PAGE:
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Nanne Dekking appointed chair of TEFAF

Plus: Sadiq Khan appoints 50 design advocates for London | Painting at centre of Nazi loot claim pulled from Düsseldorf exhibition | Architects shortlist announced for London’s Centre for Music | UNESCO inscribes ice age caves on world heritage list | $81 million pay-out ordered in Knoedler art fraud case

11 July 2017

Our daily round-up of news from the art world

Nanne Dekking appointed chair of TEFAF | Dutch entrepreneur and former art dealer Nanne Dekking has been named as the new chair of TEFAF. Dekking, who is based in New York, ran his own art consultancy and gallery in the city between 1996 and 2001, before serving as vice chair of Wildenstein & Co. and later Sotheby’s New York (where he also acted as worldwide head of sales). Most recently, he co-founded Artory, a company that advocates art-market transparency through research and cataloguing initiatives. The appointment, effective immediately, comes at a point of change for TEFAF, which is seeking to build on the success of new ventures in New York, and recently announced a number of new appointments to its board of trustees and New York advisory board. Willem van Roijen, the former chair, will stay on as a member of the board.

Sadiq Khan appoints 50 design advocates for London | Mayor of London Sadiq Khan last night announced the appointment of 50 architecture and design experts to provide guidance to London councils and City Hall, with the aim of fostering a principle of ‘good growth by design’ across the capital. The list of ‘mayor’s design advocates’ (MDAs) includes high-profile figures such as Ghanaian British architect David Adjaye, former RIBA president Sunand Prasad, and Paloma Strelitz of Turner Prize-winning architecture collective Assemble. As well as seeking to develop a ‘socially and economically inclusive’ sustainable city, the group ‘aims to tackle the under-representation of women and minority groups in the design, architecture and construction industries’ through the inclusive representation of women and BAME advocates on its board, Dezeen reports.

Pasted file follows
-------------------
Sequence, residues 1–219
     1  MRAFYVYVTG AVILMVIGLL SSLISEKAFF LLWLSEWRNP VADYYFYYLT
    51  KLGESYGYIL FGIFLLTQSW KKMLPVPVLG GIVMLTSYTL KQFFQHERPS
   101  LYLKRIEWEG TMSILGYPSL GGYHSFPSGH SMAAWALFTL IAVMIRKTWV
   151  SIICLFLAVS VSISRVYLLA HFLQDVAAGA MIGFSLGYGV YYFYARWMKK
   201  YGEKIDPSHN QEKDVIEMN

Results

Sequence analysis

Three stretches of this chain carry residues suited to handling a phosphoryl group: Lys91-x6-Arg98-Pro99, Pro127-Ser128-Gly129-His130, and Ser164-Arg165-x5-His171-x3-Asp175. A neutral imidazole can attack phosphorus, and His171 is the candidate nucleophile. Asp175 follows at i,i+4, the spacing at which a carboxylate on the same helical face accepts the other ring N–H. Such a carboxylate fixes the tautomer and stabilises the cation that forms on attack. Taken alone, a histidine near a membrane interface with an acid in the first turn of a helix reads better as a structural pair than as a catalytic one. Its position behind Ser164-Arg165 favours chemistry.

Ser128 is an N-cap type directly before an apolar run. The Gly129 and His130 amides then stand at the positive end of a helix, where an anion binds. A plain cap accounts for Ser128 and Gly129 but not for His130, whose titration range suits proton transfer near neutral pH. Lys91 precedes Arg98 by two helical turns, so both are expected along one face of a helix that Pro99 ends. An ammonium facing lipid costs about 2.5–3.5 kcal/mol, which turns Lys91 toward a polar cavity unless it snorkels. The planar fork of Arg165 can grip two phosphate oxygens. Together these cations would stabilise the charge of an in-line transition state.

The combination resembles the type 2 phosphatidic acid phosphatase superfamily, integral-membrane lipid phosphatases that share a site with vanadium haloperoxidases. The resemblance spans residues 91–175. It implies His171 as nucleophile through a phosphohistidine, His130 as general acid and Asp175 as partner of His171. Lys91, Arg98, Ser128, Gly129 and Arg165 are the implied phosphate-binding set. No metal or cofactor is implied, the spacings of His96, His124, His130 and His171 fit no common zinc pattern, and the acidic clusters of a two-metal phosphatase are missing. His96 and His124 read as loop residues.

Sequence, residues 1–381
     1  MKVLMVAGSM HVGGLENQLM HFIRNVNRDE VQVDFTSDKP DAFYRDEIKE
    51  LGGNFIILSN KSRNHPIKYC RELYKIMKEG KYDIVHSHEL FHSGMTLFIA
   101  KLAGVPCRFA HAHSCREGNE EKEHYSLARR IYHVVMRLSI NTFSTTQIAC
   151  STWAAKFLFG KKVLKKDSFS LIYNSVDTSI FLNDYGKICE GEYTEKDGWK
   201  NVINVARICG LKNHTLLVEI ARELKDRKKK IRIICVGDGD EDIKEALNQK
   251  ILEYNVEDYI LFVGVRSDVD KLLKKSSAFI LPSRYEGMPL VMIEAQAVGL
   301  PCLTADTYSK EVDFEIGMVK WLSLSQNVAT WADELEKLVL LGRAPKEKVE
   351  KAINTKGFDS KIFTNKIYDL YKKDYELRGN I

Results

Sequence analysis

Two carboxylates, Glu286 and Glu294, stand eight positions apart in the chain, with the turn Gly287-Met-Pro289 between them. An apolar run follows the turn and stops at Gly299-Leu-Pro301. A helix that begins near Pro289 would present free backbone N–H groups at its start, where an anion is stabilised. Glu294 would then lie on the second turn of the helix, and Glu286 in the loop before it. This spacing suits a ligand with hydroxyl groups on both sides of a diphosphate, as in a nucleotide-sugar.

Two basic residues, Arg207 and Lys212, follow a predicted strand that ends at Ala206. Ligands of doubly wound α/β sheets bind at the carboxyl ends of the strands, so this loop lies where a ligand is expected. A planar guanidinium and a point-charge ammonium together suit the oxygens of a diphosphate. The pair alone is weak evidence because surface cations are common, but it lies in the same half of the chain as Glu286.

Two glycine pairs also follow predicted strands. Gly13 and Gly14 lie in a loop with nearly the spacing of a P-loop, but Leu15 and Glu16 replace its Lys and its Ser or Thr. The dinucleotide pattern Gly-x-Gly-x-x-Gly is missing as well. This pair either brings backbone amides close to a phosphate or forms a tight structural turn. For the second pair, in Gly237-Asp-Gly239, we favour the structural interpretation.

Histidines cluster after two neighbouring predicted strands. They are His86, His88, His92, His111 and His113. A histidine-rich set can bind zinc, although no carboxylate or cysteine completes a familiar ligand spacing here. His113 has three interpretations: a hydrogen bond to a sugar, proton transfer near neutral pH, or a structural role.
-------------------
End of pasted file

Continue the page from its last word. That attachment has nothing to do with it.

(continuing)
Painting at centre of Nazi loot claim pulled from Düsseldorf exhibition | The heirs of Jewish art dealer Max Stern, who lost the majority of his collection during the Nazi regime, have filed an ownership claim for a painting by 19th-century Düsseldorf artist Andreas Achenbach. The painting Sicilian Landscape (1861) was supposed to go on display in an Achenbach exhibition that opened at the Museum Kunstpalast in Düsseldorf last week, but was pulled from the show following the restitution claim, the Art Newspaper reports. The work’s current owner, private collector and Achenbach specialist Wolfgang Peiffer, has said that he believes Stern sold the painting in a ‘perfectly normal gallery transaction’, and is taking steps to have it removed from the lost art database on which it is currently listed.

Architects shortlist announced for London’s Centre for Music | The international shortlist of architects competing to design the future home of the London Symphony Orchestra has been announced. The project, led by the Barbican, is set to transform the site currently occupied by the Museum of London, which is moving to a new home at Smithfield Market. The list of candidates shortlisted to design the new ‘world-class’ concert hall includes architectural superstars Frank Gehry, Amanda Levete, Renzo Piano and Norman Foster – all figures with extensive experience designing major cultural centres around the world.

UNESCO inscribes ice age caves on world heritage list | Six caves in the Swabian Jura in southern Germany, home to some of the oldest art in the world, have been added to UNESCO’s list of world heritage sites, currently under review as part of the meeting of its heritage committee. The caves, first excavated in the 1860s, have since revealed items dating from 33,000 to 43,000 years ago, including a carved figurine known as the Venus of Hohle Fels and other depictions of animal and human forms.

$81 million pay-out ordered in Knoedler art fraud case | Glafira Rosales, the Long Island art dealer who in 2013 pleaded guilty to multiple charges of wire fraud, money laundering, and tax evasion and is currently the sole person detained in the Knoedler art forgery case, has been ordered to pay $81 million to victims of the fraud, Artnet News reports. The restitution order, filed on 5 July in New York’s Southern District Court, follows Rosales’s sentencing in January of this year to nine months of house arrest and three years of supervised release.

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